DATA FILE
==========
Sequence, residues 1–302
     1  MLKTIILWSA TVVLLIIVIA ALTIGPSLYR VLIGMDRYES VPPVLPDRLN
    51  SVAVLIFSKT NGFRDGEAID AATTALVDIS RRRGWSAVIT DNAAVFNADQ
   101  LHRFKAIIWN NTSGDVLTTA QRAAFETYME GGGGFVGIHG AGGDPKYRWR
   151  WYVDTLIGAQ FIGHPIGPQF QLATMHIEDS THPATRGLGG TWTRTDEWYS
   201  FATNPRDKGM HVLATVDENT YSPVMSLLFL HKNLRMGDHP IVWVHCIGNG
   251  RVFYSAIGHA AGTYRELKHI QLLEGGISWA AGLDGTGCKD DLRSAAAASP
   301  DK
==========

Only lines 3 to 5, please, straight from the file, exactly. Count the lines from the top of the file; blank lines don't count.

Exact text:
    51  SVAVLIFSKT NGFRDGEAID AATTALVDIS RRRGWSAVIT DNAAVFNADQ
   101  LHRFKAIIWN NTSGDVLTTA QRAAFETYME GGGGFVGIHG AGGDPKYRWR
   151  WYVDTLIGAQ FIGHPIGPQF QLATMHIEDS THPATRGLGG TWTRTDEWYS